Last month, it was about encouraging healthy eating for children. One of the most common complaints is an aversion to vegetables. Given that this food group is indisputably important, the first recommendation is to introduce vegetables early and often. Even if the baby seems to react negatively, consistency is key. If kids are a little older, the advice still stands: Modeling and consistency. And, of course, one can get a little creative with cooking methods and recipes.
The first and easiest cooking technique is to simply wash, chop and eat. Fresh raw vegetables are LIVE foods that are enzyme active and alkalizing to the systems. As a rule, a minimum of 50% of your daily food intake should be healthy, fresh, LIVE foods. Including fresh raw vegetables will not only help reach that goal, it will also help with acid/alkaline balance and fiber needs – all the while providing an amazing array of nutrients. To encourage children, set out cut veggies at a time you know they are truly hungry. Everything tastes better when hungry! Allowing them to dip veggies in salad dressing or even peanut butter might also encourage them to indulge.
Although most vegetables can be eaten raw, there are some that require cooking to neutralize certain elements. For example, eggplant and potatoes contain a compound called solanine, which inhibits the absorption of calcium and can cause neurological and gastrointestinal disorders. Some green beans, lima beans, and kidney beans require cooking to neutralize compounds that cannot only block the absorption of important nutrients, they can be toxic enough to make you ill. Most greens and cruciferous vegetables can be eaten raw however; some cruciferous vegetables contain goitrogenic substances that can block the production of the thyroid hormone. If one has a disorder of the thyroid, it may be beneficial to cook these vegetables more often than not.
A common misconception is that cooking will destroy vital minerals and vitamins but this is not the case when done properly. In fact, for some vegetables heating can increase digestibility by breaking down the cellulose wall, providing easier access to the nutrients while destroying or neutralizing the anti-nutrients. Heat based cooking techniques including roasting, stir-frying, or grilling should be done quickly when using high temperatures to preserve nutrient content and prevent the formation of acrylamide, which is potentially carcinogenic. Most vegetables are best served al dente, rather than cooked soft, highlighting the flavor and enhancing the nutrient content.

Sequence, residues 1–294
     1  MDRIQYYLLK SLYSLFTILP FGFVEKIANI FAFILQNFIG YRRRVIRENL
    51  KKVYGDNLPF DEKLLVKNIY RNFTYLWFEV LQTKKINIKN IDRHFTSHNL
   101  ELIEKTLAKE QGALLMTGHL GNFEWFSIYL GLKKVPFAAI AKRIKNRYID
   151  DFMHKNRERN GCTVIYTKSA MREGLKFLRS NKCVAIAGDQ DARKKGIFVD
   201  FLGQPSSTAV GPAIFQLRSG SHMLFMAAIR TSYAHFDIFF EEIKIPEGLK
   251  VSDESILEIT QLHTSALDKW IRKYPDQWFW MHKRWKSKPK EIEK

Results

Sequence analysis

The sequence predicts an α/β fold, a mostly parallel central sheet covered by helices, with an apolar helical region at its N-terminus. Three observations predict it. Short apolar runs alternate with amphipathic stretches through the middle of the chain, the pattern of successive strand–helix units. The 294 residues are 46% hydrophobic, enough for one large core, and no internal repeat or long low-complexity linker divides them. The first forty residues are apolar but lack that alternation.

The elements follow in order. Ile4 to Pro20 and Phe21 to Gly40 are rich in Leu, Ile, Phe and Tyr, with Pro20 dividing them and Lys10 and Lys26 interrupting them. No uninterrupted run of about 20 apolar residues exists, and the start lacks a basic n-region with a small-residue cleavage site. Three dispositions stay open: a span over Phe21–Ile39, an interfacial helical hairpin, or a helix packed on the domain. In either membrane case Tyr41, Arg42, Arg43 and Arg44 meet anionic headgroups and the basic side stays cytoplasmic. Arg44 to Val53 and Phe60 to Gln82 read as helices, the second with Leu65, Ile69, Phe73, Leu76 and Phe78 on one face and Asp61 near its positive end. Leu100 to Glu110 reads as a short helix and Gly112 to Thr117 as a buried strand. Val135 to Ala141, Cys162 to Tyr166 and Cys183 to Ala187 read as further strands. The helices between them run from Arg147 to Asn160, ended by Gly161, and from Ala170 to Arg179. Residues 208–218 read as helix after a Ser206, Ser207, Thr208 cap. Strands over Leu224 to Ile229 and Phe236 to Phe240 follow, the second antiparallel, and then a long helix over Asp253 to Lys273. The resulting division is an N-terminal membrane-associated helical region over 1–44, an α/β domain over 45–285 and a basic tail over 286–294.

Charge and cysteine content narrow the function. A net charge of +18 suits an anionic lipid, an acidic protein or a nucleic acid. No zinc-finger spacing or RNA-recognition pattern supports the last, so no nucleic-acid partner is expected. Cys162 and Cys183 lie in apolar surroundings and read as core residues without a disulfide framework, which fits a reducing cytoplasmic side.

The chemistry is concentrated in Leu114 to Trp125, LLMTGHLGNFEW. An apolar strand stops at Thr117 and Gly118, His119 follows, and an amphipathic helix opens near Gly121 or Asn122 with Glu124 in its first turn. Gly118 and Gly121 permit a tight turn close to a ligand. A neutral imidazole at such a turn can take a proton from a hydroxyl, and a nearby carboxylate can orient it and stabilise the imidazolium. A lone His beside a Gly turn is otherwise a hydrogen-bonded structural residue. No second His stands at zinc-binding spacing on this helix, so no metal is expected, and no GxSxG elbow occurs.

NOTE: Microwave cooking creates irradiated foods that have molecules found NOWHERE in nature. I do NOT recommend cooking vegetables in the microwave, especially NOT in any type of plastic bag or container.
One favorite way to prepare vegetables is super easy and sure to please even the most finicky palate. ROASTED (BAKED): Simply cut vegetables so that they are a similar size, toss in oil, put on a cookie sheet or place in a shallow roasting pan and season. Slow roasting at 325 degrees will dehydrate vegetables while sweetening their flavor. This method is good for root vegetables like potatoes and beets. Medium temperature baking at 350 degrees will cook the vegetables evenly and round out their flavors, while high temperature baking at 400 degrees or higher will caramelize the vegetables but leave them juicy and al dente. Simple seasoning with sea salt and ground pepper works well for almost every vegetable, highlighting their natural and unique flavors.
The cruciferous vegetables like broccoli, asparagus, brussels sprouts and cauliflower are particularly good roasted. If one has never been a fan of these vegetables before, try them this way seasoned with nothing more than salt and pepper. Root vegetables like potatoes, onions, carrots, beets and garlic are also terrific roasted. Simply toss in oil and season with salt and pepper. Fifteen minutes before they are ready add some fresh chopped rosemary to really give good flavor.
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